When Edgar Guevara took over M Crowd Restaurant Group as president and CEO about six years ago, the brands that others before him popularized had reached a crossroads.
“I think we lost our soul a little bit,” he said in a recent interview with The Dallas Express. “For me, it was about getting everybody energized and excited again. We make great food from scratch, so we need to make sure we provide service levels that people expect.”
That meant getting back to the basics of what makes Mi Cocina — one of three North Texas restaurant concepts owned by M Crowd — so respected and loved by its customers.
“It’s bringing back a little bit of the Mexican influences,” Guevara, 56, said. “A lot of it is just going back to being a collection of neighborhood restaurants. We started behaving like a chain. I wanted to manage our restaurants locally. Our guests in Rockwall are different than our guests in Highland Point. Our restaurants might be a little bit unique based on the markets we’re in.”
M Crowd has 23 Mi Cocina restaurants in Texas and Oklahoma, the first of which opened in 1991 with help from Michael Rodriguez, Ray Washburne, Dick Washburne and Bob McNutt in the Preston Forest neighborhood of Dallas. Two years later, another Mi Cocina opened at Highland Park Village, according to its website.
By 1998, M Crowd added its Taco Diner brand, highlighting the bold flavors found in Mexico City taquerias. The same year, M Crowd ventured into fine dining with the opening of The Mercury. That restaurant features new American cuisine prepared with Mediterranean and French influences.
“It’s always three things we focus on at M Crowd,” Guevara said. “We only use the highest-quality ingredients, only making things from scratch. Then, the ambiance helps kind of bring the entire experience together. It’s the same model we have at Mi Cocina.”
Next spring, M Crowd plans to open Vaqueros at Watters Creek Village in Allen after Guevara teamed up with Arnulfo “Trey” Sanchez to expand his Grapevine-based food truck, Vaqueros Texas Bar-B-Q, into a stand-alone restaurant in Allen. The menu is set to showcase the founder and pitmaster’s diverse culinary mastery and incorporate items such as frozen palomas, margaritas and beer.
“It’s a significantly different experience because it’s barbecue,” Guevara said. “We’re building a great smoker room. We just ordered a couple 1,000-gallon smokers. It’s a little bit of a bar setting there, where you walk up and order a cocktail before you order and maybe after you order. It ties in great history with the margaritas and some of the cocktails we create.”
Sanchez grew up in the barbecue business with his father, Arnold Sanchez, who started winning barbecue chili cook-offs in 1979, as The Dallas Express has previously reported. A decade later, Arnold’s Texas Bar-B-Q was opened in East Dallas, and Trey and friend Don Glasco managed the restaurant until 1999, when Arnold opened Western special event and production company Silverado Ranch.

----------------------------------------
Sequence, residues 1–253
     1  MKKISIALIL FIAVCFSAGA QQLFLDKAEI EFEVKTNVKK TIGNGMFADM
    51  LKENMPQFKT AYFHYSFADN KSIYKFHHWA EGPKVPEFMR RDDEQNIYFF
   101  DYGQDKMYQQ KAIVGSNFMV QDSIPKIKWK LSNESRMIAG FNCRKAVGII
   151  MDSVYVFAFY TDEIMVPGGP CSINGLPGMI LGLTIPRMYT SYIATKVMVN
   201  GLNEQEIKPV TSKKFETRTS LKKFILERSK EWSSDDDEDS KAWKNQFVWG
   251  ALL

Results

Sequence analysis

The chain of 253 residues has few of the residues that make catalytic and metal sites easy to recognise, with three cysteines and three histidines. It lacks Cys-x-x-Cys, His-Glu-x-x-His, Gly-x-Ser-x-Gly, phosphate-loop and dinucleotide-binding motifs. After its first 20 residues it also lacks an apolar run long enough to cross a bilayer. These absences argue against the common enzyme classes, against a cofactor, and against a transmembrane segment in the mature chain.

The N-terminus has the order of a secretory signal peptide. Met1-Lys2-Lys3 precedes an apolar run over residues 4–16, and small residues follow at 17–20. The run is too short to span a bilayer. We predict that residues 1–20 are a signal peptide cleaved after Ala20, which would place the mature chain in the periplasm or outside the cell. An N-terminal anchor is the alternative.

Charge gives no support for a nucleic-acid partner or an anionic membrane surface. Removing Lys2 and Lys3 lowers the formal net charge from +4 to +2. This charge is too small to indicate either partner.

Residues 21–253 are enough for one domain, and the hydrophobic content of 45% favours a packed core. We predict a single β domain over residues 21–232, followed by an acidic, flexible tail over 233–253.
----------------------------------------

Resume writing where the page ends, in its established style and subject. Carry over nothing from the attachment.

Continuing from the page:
Trey’s work as a pitmaster has been featured on the Cooking Channel’s “Man Fire Food” and “Man’s Greatest Food” and was included on the New York Times’ “The 20 Best Texas Barbecue Restaurants for the New Generation” list earlier this year.
“Trey’s a natural fit with us,” Guevara said. “His expertise in cooking and brisket and taking it to the next level with Mexican influences is natural fit for us. Culturally, he’s a great fit. I get a lot of joy out of helping people get the best product out to as many people we can. He’s a great guy and we hit it off from the start. We’re just focusing on making sure we provide a great experience for people and making it a great neighborhood restaurant just like all the Mi Cocina restaurants we have.”
The expansion represents an upward trend for Guevara who, like countless others in the restaurant industry during the COVID era, had to make difficult decisions if they hoped to stay in business.
“I’ve always said probably the most difficult time in my career was when I had to furlough people,” he said. “When I got here (in 2017), we spent days talking to some of our most tenured chefs. I wanted them to understand how we used to do it versus how we do it now, just getting the recipes to how we were doing things 30 years ago. The pandemic taught us that we were able to get our menu back to a place more consistent with what we had done when the brand started. It allowed us to really understand what local meant.”
That has translated into more success, according to Guevara.
“We were working on a lot of the basics, making sure we were getting recipes correct. Coming out of the pandemic, a lot of restauranteurs had fabulous years. We’ve seen growth now, and I think that allows us to understand what our consumers are looking for a little bit more,” he said.
M Crowd employs nearly 2,000 workers.